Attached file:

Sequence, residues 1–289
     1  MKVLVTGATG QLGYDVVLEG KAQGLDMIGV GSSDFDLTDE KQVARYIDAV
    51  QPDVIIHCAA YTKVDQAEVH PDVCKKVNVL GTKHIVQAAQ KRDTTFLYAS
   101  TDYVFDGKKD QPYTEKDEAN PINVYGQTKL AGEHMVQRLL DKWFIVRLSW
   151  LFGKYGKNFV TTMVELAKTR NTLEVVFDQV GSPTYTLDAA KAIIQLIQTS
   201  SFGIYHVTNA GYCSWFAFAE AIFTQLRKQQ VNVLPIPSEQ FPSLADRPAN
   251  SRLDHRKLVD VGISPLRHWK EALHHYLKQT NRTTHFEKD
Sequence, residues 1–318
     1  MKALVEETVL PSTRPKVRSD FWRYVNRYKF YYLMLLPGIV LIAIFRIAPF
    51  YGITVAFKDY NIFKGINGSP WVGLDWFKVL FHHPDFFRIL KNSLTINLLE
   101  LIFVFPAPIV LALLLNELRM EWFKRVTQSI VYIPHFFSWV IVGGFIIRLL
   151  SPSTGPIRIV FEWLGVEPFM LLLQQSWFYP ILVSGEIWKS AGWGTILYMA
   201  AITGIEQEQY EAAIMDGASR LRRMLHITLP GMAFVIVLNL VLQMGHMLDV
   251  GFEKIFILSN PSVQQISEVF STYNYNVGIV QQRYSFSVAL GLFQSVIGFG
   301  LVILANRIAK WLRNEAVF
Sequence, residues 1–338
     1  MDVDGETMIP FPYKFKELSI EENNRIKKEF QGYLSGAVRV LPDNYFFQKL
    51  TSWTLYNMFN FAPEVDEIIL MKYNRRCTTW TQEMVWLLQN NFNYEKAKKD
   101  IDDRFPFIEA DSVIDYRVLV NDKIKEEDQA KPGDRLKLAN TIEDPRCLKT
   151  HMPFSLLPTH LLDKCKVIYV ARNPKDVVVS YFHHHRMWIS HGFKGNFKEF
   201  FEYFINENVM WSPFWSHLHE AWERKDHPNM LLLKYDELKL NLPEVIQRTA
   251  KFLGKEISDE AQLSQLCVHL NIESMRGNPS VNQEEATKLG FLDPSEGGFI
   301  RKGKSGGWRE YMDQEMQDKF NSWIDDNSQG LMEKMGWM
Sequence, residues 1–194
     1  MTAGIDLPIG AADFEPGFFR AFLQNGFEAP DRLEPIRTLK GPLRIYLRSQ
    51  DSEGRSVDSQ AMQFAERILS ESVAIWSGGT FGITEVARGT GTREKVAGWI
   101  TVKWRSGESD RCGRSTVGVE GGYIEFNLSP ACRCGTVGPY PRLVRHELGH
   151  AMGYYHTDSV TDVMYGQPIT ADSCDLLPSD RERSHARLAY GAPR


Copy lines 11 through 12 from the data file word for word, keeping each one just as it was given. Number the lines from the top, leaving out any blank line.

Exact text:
   101  LIFVFPAPIV LALLLNELRM EWFKRVTQSI VYIPHFFSWV IVGGFIIRLL
   151  SPSTGPIRIV FEWLGVEPFM LLLQQSWFYP ILVSGEIWKS AGWGTILYMA